The Bankruptcy Code contains elaborate rules for the employment of counsel, accountants, consultants, financial advisors and other outside professionals in all bankruptcy cases. These rules generally require bankruptcy court approval of all professional engagements. Section 327 of the Bankruptcy Code and Federal Rule of Bankruptcy Procedure 2014, as modified by Court opinions, contain the primary standards that bankruptcy courts use to approve professional engagements.
The goal of these rules is to obtain professionals who (a) are not adverse to the bankruptcy estate, (b) will provide value to the estate and (c) will not encumber the estate with unnecessary expense. Needless to say, the court opinions discussing the goals of these provisions of the Bankruptcy Code are, practically speaking, as important as the text of the statute itself.
Case in point; in a recent memorandum opinion entered in the case of In re Stephan Bechuck, Case No. 11-39537 (S.D.T.X. April 4, 2012), the Bankruptcy Court for the Southern District of Texas denied a chapter 7 trustee’s application to retain counsel on several grounds. The reasoning of this Opinion is likely to impose higher pleading standards in future retention applications for professionals in the Southern District of Texas and possibly in other Federal Districts in Texas.
The Bechuck Court started by explaining that, in addition to the disinterestness requirements under section 327 of the Bankruptcy Code, Federal Rule of Bankruptcy Procedure 2014(a) requires a retention application for a professional to include the following information:
- The specific facts demonstrating the necessity for employing the attorney;
- The name of the attorney;
- The reasons for selecting the attorney;
- The professional services the attorney will provide;
- Any proposed fee arrangement; and
- All connections with the debtor, creditors, US Trustee and any other party in interest.
The Bechuck Court ultimately concluded that the instant application to employ a law firm to represent the chapter 7 trustee lacked sufficient detail regarding the proposed counsel’s qualifications, as required by Bankruptcy Rule 2014. The Court cited to several examples of deficiencies.
First, according to the Court, the retention application failed to disclose the history of success that the law firm (applicant) had achieved in representing the trustee in past engagements. The Court found that the mere statement that the applicant had previously represented the trustee in “numerous” chapter 7 and chapter 11 proceedings, alone, was insufficient to prove the history of success.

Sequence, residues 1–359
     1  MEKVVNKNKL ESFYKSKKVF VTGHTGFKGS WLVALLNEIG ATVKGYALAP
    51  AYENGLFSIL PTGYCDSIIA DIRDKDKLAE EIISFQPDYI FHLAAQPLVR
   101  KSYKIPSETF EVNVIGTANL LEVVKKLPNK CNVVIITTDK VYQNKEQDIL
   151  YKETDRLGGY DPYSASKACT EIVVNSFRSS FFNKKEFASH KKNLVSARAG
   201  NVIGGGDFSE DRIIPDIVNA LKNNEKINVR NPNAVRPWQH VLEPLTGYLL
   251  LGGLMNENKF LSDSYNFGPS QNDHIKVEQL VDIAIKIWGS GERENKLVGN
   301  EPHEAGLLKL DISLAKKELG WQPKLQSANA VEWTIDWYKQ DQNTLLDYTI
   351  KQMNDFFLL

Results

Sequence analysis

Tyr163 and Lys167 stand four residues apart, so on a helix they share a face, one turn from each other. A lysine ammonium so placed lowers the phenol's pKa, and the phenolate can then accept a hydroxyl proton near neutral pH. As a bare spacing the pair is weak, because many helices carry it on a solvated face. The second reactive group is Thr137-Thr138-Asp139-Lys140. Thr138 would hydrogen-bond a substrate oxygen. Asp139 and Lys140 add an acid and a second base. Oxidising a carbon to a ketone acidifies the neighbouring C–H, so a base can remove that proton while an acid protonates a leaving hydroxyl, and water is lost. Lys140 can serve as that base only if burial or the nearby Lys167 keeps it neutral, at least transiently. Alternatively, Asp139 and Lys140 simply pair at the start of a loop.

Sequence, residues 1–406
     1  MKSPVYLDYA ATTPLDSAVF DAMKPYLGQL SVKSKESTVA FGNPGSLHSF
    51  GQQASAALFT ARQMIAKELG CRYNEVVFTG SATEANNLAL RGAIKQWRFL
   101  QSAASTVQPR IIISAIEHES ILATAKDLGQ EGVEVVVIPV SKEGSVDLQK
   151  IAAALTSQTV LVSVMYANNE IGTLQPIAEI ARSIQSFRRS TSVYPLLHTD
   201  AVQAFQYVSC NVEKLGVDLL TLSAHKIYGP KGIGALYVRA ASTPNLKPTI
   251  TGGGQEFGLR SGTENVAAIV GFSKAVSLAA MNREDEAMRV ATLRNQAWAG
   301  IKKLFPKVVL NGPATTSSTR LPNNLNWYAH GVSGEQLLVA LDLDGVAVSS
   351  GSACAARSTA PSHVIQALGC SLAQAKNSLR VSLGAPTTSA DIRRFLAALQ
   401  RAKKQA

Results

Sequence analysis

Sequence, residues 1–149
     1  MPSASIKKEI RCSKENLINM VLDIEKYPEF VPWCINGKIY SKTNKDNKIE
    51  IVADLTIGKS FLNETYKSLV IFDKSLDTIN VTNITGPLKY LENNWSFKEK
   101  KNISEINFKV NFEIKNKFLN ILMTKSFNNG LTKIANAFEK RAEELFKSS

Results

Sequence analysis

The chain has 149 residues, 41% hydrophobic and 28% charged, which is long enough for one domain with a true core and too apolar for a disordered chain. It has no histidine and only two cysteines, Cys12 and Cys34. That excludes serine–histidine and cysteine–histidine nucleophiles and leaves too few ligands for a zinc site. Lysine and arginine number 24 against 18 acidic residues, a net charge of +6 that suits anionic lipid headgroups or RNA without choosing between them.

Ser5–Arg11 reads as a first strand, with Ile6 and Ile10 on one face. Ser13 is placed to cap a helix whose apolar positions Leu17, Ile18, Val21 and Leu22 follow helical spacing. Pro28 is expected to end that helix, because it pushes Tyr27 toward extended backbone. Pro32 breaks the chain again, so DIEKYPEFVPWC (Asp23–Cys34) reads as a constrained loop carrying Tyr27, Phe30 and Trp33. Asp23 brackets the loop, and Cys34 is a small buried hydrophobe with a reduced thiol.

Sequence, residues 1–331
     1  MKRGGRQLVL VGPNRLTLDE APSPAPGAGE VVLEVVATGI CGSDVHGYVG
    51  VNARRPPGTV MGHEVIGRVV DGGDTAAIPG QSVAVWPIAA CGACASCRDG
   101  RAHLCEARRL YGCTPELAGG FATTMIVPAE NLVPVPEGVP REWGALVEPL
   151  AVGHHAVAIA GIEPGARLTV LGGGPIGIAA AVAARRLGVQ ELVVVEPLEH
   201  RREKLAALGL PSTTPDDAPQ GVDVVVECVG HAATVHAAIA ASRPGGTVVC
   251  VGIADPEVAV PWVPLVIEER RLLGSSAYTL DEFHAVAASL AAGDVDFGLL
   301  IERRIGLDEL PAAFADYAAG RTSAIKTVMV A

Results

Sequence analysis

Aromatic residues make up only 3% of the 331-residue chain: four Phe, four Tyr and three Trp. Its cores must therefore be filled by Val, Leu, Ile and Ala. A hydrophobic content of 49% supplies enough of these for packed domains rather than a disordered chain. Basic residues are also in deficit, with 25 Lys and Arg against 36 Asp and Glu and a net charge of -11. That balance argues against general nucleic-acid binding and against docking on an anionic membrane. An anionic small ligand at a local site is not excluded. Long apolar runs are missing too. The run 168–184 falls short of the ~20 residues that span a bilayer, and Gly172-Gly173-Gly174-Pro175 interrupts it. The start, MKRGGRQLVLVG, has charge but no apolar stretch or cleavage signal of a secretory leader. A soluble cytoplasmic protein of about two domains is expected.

Second, the Court reasoned that the application failed to describe how the applicant had experience in the specific assignments for which it was being retained. The Court conceded that the application did describe the scope of proposed assignments, but the Court was not satisfied with this level of detail. For instance, the Court noted that the application represented that the applicant was being engaged to “analyze, institute and prosecute actions regarding insider transactions and third party dealings,” but failed to describe the applicant’s history in bringing similar claims in the past.
The Court also noted that the applicant’s representation that the trustee had professional business relationships with the applicant in the past was irrelevant to the merits of the application. The Court further noted that the applicant’s signature on the application on behalf of the trustee, instead of the trustee’s actual signature, suggested that the trustee was not giving sufficient consideration to the merits of submitting the application and instead was relying on form pleadings of the applicant.
The Court concluded by saying that its opinion “will be unsettling to Chapter 7 trustees and some attorneys who have been representing these trustees over the past several years.” According to the Court, the “culture of Chapter 7 trustee representation has involved repeated retention of the same attorneys who have become accustomed to being retained out of friendship and reciprocal retention.”
While the Court mentioned high hopes for improving the details of retention applications in chapter 7 cases, the Court’s opinion should not be confined to chapter 7 cases, as section 327 of the Bankruptcy Code and Bankruptcy Rule 2014 (both discussed in the Court’s opinion) equally apply to chapter 11 bankruptcies. Accordingly, it appears that it would be prudent for future professional applicants in this Texas forum to provide more details about their qualifications–if not more–in future retention applications.